The free path length of a photon lv is closely connected with the spectral absorption coefficient Kv, lv = 1/Kv. This value largely depends on frequency and may be large or small, lv >> or << L. As a result, the value of radiation flux cannot be considered as proportional to the temperature gradient. In consistent theory, the flow of radiation flux should be written as the integral over the whole plasma volume, accounting for the real temperature distribution in plasma volume. Such a characteristic as average emissivity of the plasma layer may be used only for very rough estimates (see Radiation Heat Transfer).
Figure 3. Total absorption (1) and emission (2) coefficients of electromagnetic radiation from a plasma as a function of frequency v.
An external electric field creates an electric current in the plasma. Plasma conductivity is defined by electron concentration, average length of the mean free path be and average thermal velocity ve = (8kT/πme)1/2. The contribution of ions to the electric conductivity may be neglected because mi << me. The electrical conductivity may be defined by relation
The conductivity of an ideal plasma at T = const decreases with increasing density. However, the plasma conductivity increases again with density when plasma nonideality becomes significant. At large densities, plasma conductivity can reach values close to metallic ones. This growth with increasing density may be explained by the lowering of the energy of atomic ionization in plasma, the emergence of clusters and another consequences of strong interaction between plasma particles.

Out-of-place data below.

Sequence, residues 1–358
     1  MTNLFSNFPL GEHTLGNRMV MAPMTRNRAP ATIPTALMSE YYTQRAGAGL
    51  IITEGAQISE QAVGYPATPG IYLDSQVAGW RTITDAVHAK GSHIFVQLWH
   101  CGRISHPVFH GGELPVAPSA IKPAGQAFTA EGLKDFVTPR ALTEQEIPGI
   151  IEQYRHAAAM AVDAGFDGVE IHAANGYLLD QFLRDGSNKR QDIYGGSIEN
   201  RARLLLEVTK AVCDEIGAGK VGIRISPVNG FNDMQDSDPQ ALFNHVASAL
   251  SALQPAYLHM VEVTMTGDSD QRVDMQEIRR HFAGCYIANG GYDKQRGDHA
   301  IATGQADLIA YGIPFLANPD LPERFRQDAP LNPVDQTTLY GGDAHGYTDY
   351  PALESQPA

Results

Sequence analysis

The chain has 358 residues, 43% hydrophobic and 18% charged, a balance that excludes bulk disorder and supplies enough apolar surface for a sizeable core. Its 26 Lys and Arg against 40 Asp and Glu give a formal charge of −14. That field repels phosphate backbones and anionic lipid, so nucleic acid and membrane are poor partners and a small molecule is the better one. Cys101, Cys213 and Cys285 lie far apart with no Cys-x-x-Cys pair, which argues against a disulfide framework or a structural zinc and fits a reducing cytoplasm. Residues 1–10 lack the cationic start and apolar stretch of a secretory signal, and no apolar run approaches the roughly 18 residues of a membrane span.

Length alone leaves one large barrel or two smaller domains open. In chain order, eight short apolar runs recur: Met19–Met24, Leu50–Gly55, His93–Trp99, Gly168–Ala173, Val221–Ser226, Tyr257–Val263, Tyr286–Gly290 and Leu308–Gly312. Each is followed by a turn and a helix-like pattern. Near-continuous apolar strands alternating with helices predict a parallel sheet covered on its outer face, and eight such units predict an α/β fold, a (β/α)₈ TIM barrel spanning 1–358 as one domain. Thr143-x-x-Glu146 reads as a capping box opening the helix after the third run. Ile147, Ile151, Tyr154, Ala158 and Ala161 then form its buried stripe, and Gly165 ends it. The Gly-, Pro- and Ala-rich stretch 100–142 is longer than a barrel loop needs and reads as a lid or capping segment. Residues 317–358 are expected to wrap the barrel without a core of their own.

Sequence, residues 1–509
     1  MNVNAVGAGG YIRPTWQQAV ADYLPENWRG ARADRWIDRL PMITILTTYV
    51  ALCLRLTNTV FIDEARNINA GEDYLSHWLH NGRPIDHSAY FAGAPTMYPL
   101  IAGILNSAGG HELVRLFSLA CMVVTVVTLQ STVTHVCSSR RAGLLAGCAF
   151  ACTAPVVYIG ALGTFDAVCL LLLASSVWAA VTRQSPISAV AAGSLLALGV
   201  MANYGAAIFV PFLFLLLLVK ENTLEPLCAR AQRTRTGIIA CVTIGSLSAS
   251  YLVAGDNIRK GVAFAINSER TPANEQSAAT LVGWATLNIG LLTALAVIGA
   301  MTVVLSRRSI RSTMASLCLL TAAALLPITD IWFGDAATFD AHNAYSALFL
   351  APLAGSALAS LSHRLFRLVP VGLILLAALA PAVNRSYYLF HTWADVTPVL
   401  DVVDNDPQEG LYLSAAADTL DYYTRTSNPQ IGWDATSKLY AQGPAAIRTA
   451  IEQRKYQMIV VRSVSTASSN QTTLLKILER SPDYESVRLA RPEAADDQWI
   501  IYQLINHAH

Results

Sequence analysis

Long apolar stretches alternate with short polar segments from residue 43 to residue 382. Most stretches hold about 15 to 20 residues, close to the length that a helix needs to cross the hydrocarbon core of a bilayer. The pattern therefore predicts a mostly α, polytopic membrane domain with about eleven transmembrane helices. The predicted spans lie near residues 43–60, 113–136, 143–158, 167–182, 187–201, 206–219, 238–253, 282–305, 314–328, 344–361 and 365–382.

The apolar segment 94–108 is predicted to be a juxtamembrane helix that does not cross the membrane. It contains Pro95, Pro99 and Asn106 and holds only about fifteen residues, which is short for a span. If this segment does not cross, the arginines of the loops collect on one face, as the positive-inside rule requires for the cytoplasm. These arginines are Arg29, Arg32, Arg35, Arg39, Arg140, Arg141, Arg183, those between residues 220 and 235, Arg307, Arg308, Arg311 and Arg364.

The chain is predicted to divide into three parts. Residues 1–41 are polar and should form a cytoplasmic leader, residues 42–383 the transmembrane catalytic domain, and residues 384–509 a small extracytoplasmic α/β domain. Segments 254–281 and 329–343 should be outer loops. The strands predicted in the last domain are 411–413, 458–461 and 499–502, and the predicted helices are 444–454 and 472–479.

The motion of charged particles is strongly influenced by external magnetic fields. In the absence of interparticle collisions, plasma charges move along screwed trajectories whose axes are directed along the magnetic field. Plasma charge motion perpendicular to the magnetic field is inhibited. Therefore, the rate of transfer across the magnetic field is greatly suppressed (affecting diffusion, viscosity and thermal conductivity). Plasma may be isolated into specific regions if large enough magnetic fields are used. Magnetic confinement of hot plasma has been used in fusion projects.
If the Knudsen Number is small and local thermodynamic equilibrium is well realized, then the plasma motion is described by the equations of hydrodynamics and magneto-hydrodynamics.
It is difficult to formulate similarity criteria for plasma dynamics, if it is necessary to account for radiation transfer. The uncertainty of the radiation Knudsen number KnR = ln / L is the first reason of this difficulty arising from the sharp and irregular dependence of lv versus v.
Krall, N. (1973) Principles of Plasma Physics, McGraw-Hill Book Co.
Fortov, V., Iakubov, I. (1989) Physics of Nonideal Plasma, Hemisphere Publ. Co., New York.
Biberman, L., Vorob'ev, V., Iakubov, I. (1987) Kinetics of Non-Equilibrium Low-Temperature Plasma, Plenum Publ. Co., New York.